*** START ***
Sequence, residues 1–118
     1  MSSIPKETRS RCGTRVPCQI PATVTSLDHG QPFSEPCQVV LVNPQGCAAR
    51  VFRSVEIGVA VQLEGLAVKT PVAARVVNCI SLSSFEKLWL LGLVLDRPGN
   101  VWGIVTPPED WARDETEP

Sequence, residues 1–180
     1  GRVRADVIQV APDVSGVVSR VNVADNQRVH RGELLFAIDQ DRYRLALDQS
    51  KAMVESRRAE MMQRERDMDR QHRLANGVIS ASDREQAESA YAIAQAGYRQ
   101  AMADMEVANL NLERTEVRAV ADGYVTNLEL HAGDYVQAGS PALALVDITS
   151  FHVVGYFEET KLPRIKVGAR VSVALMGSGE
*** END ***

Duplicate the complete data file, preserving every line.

Sequence, residues 1–118
     1  MSSIPKETRS RCGTRVPCQI PATVTSLDHG QPFSEPCQVV LVNPQGCAAR
    51  VFRSVEIGVA VQLEGLAVKT PVAARVVNCI SLSSFEKLWL LGLVLDRPGN
   101  VWGIVTPPED WARDETEP

Sequence, residues 1–180
     1  GRVRADVIQV APDVSGVVSR VNVADNQRVH RGELLFAIDQ DRYRLALDQS
    51  KAMVESRRAE MMQRERDMDR QHRLANGVIS ASDREQAESA YAIAQAGYRQ
   101  AMADMEVANL NLERTEVRAV ADGYVTNLEL HAGDYVQAGS PALALVDITS
   151  FHVVGYFEET KLPRIKVGAR VSVALMGSGE